By 11:00, it was clear one cup would not do. I didn’t have a headache, at least not yet. But I felt very groggy. I made another cup of tea with honey. Something else would be necessary.

Meditation! That would be so totally zen of me. I’d found this Binaural Beat Meditation a few weeks before I’d been wanting to try out. (I sort of got into meditation after reading this book). Plus I had these two tea bags! I could put them on my eyes and lay on the couch (lotus position is for suckers). Because that’s another thing–I’d been noticing lately that I had visible pouches under my eyes all the time, regardless of how much sleep I’d gotten. I suddenly remembered that they can be caused by allergies. You mean…like caffeine allergies?

In the later part of the afternoon, I developed a bit of a headache. I was fully expecting it so it was no surprise. What I wasn’t prepared for was the tiredness–the absolutely bone crushing fatigue I felt the whole afternoon. Also, I was starving. I kept snacking on little things every hour–a piece of cheese, a strip of roast chicken, a cup of strawberry yogurt, hummus on a cracker. I chalked it up to the bit of nasal sumpin’ sumpin’ I had going on.

I was so tired and cruddy I couldn’t manage my daily workout. I tried to imagine that the zen I was getting from the binaural beats was, in its own way, just as good for my body–which was clearly involved in some kind of battle at the moment. I crashed into a dark stupor after two pages of reading around 11 PM.

Day 2

The next morning I still felt a little cruddy. Thus it was difficult to determine whether the dull headache pulsing against my skull was from withdrawal or sinuses. Trying to head it off at the pass, I had my first cup of black tea as soon as I arrived at the office with my breakfast, and the second shortly after.

The headache persisted quietly. I began craving coffee, like, the actual taste of the drink, in the late afternoon too. But it was nothing compared to the hunger. Within less than two hours of eating, the pangs would return.

I did some deep stretching in the evening along with a huge glass of white wine. I felt I deserved it.

Day 3

The third day was a Saturday, PRAISE. Until now I’d been avoiding coffee entirely–even though my doc said switching to decaf would serve the purpose fine–because I was really curious about whether caffeine or coffee was the true culprit. Anyway, we know that decaf still contains some caffeine. But this morning I broke down and had a mug of decaf Starbucks with cream. It was divine.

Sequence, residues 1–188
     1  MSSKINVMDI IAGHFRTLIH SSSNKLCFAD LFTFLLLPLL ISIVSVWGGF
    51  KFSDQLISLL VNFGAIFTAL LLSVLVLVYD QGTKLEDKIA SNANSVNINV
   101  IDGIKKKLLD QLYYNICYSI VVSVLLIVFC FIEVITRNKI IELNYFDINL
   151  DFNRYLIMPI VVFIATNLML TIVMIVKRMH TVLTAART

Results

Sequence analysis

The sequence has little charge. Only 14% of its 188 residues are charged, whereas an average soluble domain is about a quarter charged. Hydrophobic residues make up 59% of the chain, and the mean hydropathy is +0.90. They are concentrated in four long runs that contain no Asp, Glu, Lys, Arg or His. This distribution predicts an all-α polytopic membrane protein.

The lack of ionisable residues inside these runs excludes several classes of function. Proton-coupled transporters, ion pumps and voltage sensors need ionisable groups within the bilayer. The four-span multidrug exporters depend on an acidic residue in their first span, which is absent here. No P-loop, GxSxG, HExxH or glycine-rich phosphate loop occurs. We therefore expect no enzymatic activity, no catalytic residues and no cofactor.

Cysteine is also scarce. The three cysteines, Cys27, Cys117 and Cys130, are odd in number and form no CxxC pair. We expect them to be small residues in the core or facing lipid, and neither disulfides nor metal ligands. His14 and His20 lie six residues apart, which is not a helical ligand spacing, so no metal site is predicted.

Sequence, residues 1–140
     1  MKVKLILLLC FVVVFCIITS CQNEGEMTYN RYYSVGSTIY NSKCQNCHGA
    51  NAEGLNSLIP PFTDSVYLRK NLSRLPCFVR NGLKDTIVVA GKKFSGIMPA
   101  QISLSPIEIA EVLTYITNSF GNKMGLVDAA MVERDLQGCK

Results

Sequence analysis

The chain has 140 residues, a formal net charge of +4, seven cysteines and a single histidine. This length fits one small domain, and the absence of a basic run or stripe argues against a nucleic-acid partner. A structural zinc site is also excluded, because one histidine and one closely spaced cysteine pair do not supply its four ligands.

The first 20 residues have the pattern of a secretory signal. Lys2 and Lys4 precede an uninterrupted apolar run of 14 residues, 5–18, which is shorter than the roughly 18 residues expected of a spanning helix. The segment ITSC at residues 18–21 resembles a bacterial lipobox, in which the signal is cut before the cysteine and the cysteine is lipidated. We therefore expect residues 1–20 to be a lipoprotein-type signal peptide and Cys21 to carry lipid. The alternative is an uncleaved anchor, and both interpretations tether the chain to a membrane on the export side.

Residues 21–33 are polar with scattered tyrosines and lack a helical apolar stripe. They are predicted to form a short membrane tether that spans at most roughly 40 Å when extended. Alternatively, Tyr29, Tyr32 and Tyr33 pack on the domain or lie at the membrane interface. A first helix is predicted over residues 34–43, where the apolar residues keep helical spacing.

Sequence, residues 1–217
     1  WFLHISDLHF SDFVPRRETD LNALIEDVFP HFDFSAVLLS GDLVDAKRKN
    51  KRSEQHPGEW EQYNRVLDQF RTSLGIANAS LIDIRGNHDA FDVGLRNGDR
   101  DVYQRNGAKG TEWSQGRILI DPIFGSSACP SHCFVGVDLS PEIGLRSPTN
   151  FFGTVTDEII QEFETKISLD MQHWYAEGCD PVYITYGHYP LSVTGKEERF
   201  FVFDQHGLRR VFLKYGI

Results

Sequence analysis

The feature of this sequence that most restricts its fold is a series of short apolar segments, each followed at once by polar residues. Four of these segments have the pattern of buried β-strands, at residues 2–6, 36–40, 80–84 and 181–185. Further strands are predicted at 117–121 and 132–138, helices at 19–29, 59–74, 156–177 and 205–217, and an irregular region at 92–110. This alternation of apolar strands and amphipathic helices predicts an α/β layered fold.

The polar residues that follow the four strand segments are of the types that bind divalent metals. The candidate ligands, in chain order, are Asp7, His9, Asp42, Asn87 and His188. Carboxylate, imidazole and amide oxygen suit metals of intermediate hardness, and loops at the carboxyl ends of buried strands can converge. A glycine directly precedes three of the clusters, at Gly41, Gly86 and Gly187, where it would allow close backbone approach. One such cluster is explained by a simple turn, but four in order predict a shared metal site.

Later that afternoon my throat burned and I felt extremely bloated. But it was hard to tell if it was from the decaf, or from the postnasal drip, or from the huge decked-out froyo I had for lunch. I tried to drink extra water but I’m here to tell you–water is not coffee.

Day 4

This was the first day of trying an entirely new hot drink substitute: Teeccino.

teeccino

Teeccino is billed as an herbal coffee alternative. It’s completely caffeine free, non-acidic and allegedly nutritious. It’s even supposed to give you a natural energy boost, but without the stimulant effect. The reviews on Amazon were pretty good so I ordered one pack to try it out.  I purchased the vanilla flavor, but only because that was the only one sold in a single pack. I didn’t want to commit to something I might not like.

You put it through your regular machine like coffee. It looks quite a bit like coffee when brewed. It smells nothing like coffee. The taste? Well, it’s hard to describe. It’s full bodied, definitely sweeter than coffee, which makes sense since because what isn’t? It’s rather nutty overall. But it’s not at bit like tea, which is what comes to mind when you hear the word “herbal.” My first impression was that a) it would take some getting used to, but b) I could definitely get used to it.

The only real caffeine I had was a few swallows of P’s sweet tea. We went white water rafting in the afternoon, which as it turns out, is a great distraction from headaches, hunger, bloating, or anything else that ails you.

I went to bed very tired.

Day 5